Tracking the military is her 'mission'

Dana Priest interviews an Afghan farmer in the mountains above Shomali in Afghanistan.
Photo: NBC/Norman Ng

Washington Post reporter Dana Priest (B.S., Politics, Merrill College, '81) critiques the trend toward soldier-peacekeepers in her new book

Timing is everything. Just ask Washington Post reporter Dana Priest--if you can catch her. Her first book, The Mission: Waging War and Keeping Peace with America's Military, arrived in bookstores this past spring just as jittery Americans prepared for war in Iraq.

She then headed out on a book tour, with stops in eight cities in two weeks, interviews on morning TV shows and C-SPAN, and Council of Foreign Relations speeches. Her vivid account of life with America's military--much of it based on her reporting for the Washington Post--struck a chord. "The reception was just great," she says. "A lot of that had to do with the timing of the book--a lot of people were trying to read about and were wondering about the military."

In the book, Priest warns of a dangerous trend toward having the military handle quasi-diplomatic missions, filling a vacuum left by underfunded civilian agencies. "The face of America is becoming a face with a helmet on," she observed on one TV program.

"On the one hand, you can't help but like the troops, in the sense that they are trying hard, with the wrong tools, to do something they weren't trained for in a culture they don't know," she says. "They don't want to be doing it, and yet they have this very American can-do spirit about them so they're not going to sit around and do nothing."

But despite the soldiers' best efforts, Priest says, "they make some mistakes, and they make some bad mistakes, which gives me pause about what they are doing there." As an alternative, Priest proposes the creation of civilian nation-building forces that are as well organized and well funded as the military. The U.S. experience in postwar Iraq has, if anything, strengthened her view. The U.S. government "grossly underestimated" the need for peacekeepers and a civilian component in rebuilding Iraq, she said. "They didn't send in a lot of troops that could just keep the peace. I wish everything were working better, but I think it will get a lot worse before it gets better--if it gets better at all," she said in June.

While Priest critiques the trend toward soldier-peacekeepers, her high regard for the troops is clear throughout the book. In fact, Priest sees bridging the civilian-military gap as her own personal mission as an author. She cites two key trends she has witnessed as a reporter: "The military was taking on more and more nontraditional duties, while at the same time the civilians who were supposed to tell the military what they should be doing knew less and less about the military."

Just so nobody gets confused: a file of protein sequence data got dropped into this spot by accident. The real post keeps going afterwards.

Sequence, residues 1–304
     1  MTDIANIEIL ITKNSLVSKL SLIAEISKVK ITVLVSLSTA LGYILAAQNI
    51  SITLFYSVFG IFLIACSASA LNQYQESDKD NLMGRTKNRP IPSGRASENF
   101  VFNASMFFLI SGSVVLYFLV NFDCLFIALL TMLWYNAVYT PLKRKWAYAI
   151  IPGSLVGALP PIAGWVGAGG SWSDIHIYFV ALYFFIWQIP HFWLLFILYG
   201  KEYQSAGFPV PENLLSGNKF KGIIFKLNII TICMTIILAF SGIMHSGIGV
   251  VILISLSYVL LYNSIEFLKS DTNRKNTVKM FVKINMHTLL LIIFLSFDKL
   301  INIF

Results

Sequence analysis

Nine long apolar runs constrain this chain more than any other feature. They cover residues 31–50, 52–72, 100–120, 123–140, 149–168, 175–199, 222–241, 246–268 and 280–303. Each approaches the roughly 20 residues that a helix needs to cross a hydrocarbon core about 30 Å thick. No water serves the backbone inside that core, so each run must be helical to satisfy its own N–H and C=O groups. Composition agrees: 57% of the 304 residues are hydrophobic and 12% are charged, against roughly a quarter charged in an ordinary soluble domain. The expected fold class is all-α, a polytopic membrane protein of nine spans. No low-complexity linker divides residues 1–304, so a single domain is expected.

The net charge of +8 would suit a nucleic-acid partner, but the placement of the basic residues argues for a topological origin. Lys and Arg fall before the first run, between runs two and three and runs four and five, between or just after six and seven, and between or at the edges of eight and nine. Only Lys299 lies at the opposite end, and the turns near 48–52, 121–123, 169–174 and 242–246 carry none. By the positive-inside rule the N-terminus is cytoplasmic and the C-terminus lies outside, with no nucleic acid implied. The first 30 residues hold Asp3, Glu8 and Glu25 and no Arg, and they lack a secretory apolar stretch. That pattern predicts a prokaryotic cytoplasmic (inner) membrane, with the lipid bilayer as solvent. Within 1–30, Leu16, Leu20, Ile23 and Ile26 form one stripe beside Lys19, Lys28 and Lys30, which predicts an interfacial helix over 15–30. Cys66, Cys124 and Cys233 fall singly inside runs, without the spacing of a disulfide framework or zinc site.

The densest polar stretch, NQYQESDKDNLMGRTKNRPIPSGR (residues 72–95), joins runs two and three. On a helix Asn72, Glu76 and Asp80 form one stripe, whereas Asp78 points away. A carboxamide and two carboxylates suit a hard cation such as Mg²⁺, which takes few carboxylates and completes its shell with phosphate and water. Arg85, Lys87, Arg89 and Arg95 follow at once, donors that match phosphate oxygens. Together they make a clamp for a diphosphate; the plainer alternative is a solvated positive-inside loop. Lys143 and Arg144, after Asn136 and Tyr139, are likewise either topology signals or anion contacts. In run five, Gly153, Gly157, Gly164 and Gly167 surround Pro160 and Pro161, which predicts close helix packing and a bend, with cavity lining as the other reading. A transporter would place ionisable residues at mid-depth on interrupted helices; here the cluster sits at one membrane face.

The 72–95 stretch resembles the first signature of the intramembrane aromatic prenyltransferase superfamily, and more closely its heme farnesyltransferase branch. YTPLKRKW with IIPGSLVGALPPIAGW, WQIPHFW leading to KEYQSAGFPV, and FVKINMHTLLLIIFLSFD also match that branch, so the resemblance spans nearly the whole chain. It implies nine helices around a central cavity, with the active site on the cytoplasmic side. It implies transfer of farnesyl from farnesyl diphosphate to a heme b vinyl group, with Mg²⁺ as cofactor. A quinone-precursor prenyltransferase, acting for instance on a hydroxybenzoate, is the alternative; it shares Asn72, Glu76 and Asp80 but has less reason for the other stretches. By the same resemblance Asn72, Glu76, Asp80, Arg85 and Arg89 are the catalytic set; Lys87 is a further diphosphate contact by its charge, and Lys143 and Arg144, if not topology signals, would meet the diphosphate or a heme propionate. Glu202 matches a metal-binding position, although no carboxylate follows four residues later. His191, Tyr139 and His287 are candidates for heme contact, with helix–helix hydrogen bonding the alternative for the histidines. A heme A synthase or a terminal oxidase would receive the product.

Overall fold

This lack of knowledge can lead to unhealthy stereotypes--something Priest says she witnessed during her years in college. "The antimilitary feeling, I believe, is often totally misplaced. It is not the military's decision to go anywhere--it is the civilians' decision to send them there. All these missions are not their choosing; they get sent there by somebody not in uniform."

Following years as the Washington Post's Pentagon correspondent, Priest spent eight months on the newspaper's investigative reporting team for a series about America's regional military commanders. The series, "The Proconsuls," earned her the Gerald R. Ford Prize for Distinguished Reporting on the National Defense and forms the basis for part of her book. She also received a research and writing grant from the MacArthur Foundation to write the book.

Priest has traveled widely with both military leaders and troops in the field. Whether in Colombia, Afghanistan, Kosovo, or Nigeria, Priest says she did not feel in danger, but did have "some hair-raising experiences." One time in Nigeria, she took a two-hour ride in an old Soviet helicopter from the capital into the bush. The helicopter was "combat flying" she explains-- "They go as low as they possibly can, because it's harder to shoot at a helicopter if it's flying past you quickly. So you really hug the Earth--or the trees, or the river, whatever." She sat up front, in the "place of honor" without so much as a door to shut next to her. "There were times when I put my feet up--it just felt like we were coming so close to the water."

Priest, who took a leave from the Post to write The Mission, stays a little closer to home these days. She lives in Washington near the White House with her husband, William Goodfellow, executive director of the Center for International Policy, and their two children. Still, Priest keeps a hectic pace--she barely took time to unpack from her book tour before she was back in the newsroom breaking major intelligence stories that appeared in newspapers around the nation in the days leading up to the invasion of Iraq.

Those stories made her a frequent guest on TV news and discussion programs during the war and its complicated aftermath, and she is now an analyst for NBC.

Not one to slow down, Priest would like to do another book, though she declines to go into detail for fear of jinxing the project. Writing a book appeals to her reporter's curiosity, she says. "You peel back the onion, keep peeling it back, and really get closer to the truth about a subject."

-Louise Gilmore Donahue

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